The Book of Margery Kempe

I was recently asked to read The Book of Margery Kempe (c. 1436-8) for a course on Northern Renaissance art. The idea was to get an insight into the medieval spiritual life, particularly as experienced through ‘affective piety’ – an emotionally charged practice of prayer, reading and meditation on scenes from the Bible, the lives of the Saints, or other religious material as represented in art. The idea was for the “viewer” to engage with the scene as if she or he were physically present and to stir up feelings of love, fear, grief, and repentance for sin. Margery tells how she visualised herself in scenes from Christ’s and the Virgin’s life, then took part in the actions of the scene –  as a midwife to St Anne, for example, and experiencing Christ’s suffering on the cross, which caused her great emotional distress which resulted in outbursts of weeping.

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While reading Kempe’s book, I was reminded that active visualisation is still practised today. In some strands of the modern pagan movement, for example,  active visualisation is practised either by meditating on and acting out a narrative in the mind or contemplating an image to place oneself within it. In both cases the participant is encouraged to talk to and interact with the people, animals, situations, etc., he or she finds there. This doesn’t strike me as very different from what Margery Kempe was doing. Obviously, it is less ‘affective’, there is no physical suffering involved and ‘God’ is not the Christian God, but the basic method is the same.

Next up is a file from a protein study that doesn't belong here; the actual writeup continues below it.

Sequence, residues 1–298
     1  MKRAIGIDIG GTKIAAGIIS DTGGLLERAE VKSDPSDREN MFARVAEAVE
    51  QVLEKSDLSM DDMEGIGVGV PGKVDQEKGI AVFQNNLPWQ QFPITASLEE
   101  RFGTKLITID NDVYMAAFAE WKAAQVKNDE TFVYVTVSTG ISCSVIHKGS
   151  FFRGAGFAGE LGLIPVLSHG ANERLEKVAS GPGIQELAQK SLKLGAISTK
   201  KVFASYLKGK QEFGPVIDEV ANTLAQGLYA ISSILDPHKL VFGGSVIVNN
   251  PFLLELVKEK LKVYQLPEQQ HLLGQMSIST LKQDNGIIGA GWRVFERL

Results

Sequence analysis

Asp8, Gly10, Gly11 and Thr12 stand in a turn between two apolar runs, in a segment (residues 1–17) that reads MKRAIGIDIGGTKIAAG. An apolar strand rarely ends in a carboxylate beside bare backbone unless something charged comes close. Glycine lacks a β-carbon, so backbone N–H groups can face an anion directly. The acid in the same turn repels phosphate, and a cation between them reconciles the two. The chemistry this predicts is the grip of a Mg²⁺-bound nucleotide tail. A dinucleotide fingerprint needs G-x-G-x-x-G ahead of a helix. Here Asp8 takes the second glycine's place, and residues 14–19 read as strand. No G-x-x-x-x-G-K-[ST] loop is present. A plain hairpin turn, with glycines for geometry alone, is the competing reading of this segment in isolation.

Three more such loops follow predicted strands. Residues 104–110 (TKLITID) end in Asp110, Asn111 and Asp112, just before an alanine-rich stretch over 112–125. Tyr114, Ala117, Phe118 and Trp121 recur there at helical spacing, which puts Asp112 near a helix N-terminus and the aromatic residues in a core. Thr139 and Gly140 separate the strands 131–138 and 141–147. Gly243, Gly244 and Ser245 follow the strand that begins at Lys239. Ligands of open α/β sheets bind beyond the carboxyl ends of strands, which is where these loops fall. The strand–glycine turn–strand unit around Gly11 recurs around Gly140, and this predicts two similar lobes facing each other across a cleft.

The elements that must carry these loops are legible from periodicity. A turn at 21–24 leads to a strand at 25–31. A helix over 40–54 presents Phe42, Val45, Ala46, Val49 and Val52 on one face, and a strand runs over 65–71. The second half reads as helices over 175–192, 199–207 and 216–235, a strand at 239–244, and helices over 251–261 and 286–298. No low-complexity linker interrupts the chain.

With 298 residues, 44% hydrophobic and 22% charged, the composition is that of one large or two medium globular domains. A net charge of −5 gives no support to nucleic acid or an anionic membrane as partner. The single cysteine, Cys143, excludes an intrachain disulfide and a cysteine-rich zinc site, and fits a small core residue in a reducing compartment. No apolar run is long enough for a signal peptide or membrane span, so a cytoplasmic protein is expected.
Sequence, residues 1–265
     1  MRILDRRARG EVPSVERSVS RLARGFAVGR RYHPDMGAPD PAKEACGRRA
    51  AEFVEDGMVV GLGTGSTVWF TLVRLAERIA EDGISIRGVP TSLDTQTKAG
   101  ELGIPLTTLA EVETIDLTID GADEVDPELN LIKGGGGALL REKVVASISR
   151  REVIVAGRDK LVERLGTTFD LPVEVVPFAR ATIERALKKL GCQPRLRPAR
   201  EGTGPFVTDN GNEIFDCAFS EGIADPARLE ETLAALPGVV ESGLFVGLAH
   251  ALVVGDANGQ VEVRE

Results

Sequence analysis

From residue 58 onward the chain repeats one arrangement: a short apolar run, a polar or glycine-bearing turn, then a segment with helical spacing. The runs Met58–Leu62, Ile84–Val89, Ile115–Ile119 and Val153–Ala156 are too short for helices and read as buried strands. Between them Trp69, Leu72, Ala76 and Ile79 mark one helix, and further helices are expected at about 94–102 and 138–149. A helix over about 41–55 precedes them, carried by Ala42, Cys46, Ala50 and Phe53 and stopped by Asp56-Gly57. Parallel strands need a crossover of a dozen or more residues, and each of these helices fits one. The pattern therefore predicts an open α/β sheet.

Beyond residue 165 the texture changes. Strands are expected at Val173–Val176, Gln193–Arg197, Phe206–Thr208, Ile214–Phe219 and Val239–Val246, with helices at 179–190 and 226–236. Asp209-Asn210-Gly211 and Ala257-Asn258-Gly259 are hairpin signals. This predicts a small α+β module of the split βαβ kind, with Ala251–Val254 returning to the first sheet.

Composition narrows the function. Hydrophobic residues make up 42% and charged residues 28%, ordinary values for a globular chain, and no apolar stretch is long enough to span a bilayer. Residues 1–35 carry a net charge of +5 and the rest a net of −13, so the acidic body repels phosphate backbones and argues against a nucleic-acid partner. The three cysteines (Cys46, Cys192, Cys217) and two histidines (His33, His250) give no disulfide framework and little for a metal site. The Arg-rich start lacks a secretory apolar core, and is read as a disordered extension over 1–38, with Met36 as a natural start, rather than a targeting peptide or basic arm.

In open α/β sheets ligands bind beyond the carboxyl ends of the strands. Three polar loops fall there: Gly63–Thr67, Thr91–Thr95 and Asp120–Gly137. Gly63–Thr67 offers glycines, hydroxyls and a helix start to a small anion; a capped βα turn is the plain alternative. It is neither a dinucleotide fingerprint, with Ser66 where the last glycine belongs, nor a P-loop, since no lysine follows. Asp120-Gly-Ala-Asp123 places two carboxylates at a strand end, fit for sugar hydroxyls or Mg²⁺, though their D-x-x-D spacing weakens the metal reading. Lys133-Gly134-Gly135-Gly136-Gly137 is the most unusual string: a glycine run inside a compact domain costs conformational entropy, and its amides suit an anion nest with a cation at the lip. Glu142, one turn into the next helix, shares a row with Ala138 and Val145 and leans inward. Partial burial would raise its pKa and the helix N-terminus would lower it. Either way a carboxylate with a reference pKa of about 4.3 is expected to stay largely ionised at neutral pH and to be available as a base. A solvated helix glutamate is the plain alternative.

It’s too easy to dismiss this as a kind of craziness. People who set themselves aside from the norms of society are often misunderstood and labelled as unstable. Pagans, spiritualists and mystics tend to be viewed in this light today. I’m not sure that this is a helpful way to see Margery Kempe. It’s difficult for us to understand the medieval mindset and the importance of religion and devotion within it. Margery’s ‘extremes’ may be explained by the fact that she was describing events to a scribe and may have been prone to exaggeration. She could simply have felt things more keenly. Whatever the case, her experiences were individual and heartfelt. I see her as a devoted medieval women enthused – very enthused! – by the word of her God.

The description of pain and suffering in her book is fascinating and lends credence to the concept of ‘philopassionism’ – an empathetic identification with Christ during his Passion – and how works of art functioned as channels for it. I think Margery, despite what we see as her excesses, gives us a small glimpse into how that process worked and this can enrich our own experience of Northern Renaissance art – indeed, of our own experience of life.–Lynn Wright